By Nathan Rudyk
One of the most satisfying parts about being a Mac user, and in my company's fortunate case, evangelizing Apple technology like Daylite, Billings, PhoneValet and PhoneHerald, is how willing Apple has been to nurture its ecosystem. But I wonder if Steve Jobs has his eyes wide shut on the iPhone ecosystem's potential when I read John Markoff's story today in the New York Times:
“We define everything that is on the phone,” he said. “You don’t want your phone to be like a PC. The last thing you want is to have loaded three apps on your phone and then you go to make a call and it doesn’t work anymore. These are more like iPods than they are like computers.”
The iPhone model, he insisted, would not look like the rest of the wireless industry.
“These are devices that need to work, and you can’t do that if you load any software on them,” he said. “That doesn’t mean there’s not going to be software to buy that you can load on them coming from us. It doesn’t mean we have to write it all, but it means it has to be more of a controlled environment.”
Doesn't sound very ecosystem-ish to me. And as Markoff's story points out, this eyes wide shut approach didn't work all that well to make the very first Macintosh (of which I was a proud diskette-feeding owner in the mid-80s, having purchased my beige baby with two thousand hard-earned I.T. freelancer bucks at Eaton's "Computer Room" in Toronto) a hit. It was big hype, big fizzle, despite all its genius.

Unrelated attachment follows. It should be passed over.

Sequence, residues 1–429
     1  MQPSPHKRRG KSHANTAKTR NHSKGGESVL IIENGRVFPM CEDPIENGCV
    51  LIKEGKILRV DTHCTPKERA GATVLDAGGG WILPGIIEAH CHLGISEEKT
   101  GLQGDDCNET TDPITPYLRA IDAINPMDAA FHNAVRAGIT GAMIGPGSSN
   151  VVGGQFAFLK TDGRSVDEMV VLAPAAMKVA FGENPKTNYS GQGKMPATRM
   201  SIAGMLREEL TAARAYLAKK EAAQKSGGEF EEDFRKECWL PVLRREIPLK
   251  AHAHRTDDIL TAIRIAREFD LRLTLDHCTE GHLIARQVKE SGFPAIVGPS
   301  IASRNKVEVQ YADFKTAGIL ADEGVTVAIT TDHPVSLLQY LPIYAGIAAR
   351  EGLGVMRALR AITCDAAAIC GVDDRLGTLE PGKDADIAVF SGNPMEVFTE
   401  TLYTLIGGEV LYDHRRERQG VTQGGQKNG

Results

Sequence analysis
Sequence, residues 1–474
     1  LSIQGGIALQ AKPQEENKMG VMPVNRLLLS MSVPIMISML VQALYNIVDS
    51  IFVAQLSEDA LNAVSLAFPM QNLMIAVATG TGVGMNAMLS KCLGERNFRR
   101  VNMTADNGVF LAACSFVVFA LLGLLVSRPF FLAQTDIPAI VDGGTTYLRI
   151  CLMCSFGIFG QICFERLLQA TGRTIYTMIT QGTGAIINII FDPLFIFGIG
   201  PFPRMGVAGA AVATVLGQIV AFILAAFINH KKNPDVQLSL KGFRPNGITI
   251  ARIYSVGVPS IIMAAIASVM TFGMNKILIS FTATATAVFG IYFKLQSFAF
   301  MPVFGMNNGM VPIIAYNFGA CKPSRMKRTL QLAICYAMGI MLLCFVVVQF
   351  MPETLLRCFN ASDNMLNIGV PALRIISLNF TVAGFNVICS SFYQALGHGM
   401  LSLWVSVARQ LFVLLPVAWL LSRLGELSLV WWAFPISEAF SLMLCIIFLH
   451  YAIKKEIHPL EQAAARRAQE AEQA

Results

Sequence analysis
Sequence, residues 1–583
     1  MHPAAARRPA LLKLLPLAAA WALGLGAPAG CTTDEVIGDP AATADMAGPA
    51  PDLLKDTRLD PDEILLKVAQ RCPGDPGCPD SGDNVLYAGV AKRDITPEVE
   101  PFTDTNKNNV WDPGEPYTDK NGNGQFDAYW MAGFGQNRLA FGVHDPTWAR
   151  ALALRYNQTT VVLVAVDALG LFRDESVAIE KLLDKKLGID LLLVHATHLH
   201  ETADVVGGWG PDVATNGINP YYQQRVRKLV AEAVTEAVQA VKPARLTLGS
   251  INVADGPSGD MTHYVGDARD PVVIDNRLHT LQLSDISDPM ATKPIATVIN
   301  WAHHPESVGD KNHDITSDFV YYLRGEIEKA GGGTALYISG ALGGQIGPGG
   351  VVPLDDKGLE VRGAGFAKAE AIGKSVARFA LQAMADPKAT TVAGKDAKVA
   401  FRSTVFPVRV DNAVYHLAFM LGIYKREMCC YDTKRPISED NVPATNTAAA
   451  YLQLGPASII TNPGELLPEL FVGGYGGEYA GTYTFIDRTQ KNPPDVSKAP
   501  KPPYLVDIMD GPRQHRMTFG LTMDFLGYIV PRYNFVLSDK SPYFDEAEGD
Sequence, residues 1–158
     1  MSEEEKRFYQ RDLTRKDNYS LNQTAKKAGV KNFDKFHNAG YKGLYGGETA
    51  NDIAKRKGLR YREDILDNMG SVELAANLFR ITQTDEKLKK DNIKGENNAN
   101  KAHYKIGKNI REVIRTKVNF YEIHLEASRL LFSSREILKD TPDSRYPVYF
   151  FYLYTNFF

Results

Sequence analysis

Alykan Jetha (AJ), the Jobs-like human catalyst behind Daylite and Billings and CEO of Marketcircle, was one of the first to jump on the ecosystem theme of the iPhone, and since then he's been recognized for seeing the potential of the iPhone for Mac's proud and awesomely innovative indie software community.
Maybe Steve should read AJ's Daylite economy blog post. Observers like Markoff seem to think that there's more permanence in an ecosystem approach to the iPhone. Oh yeah, and there's always that stock chart of Microsoft to ponder - a classic eyes wide shut to the ecosystem company.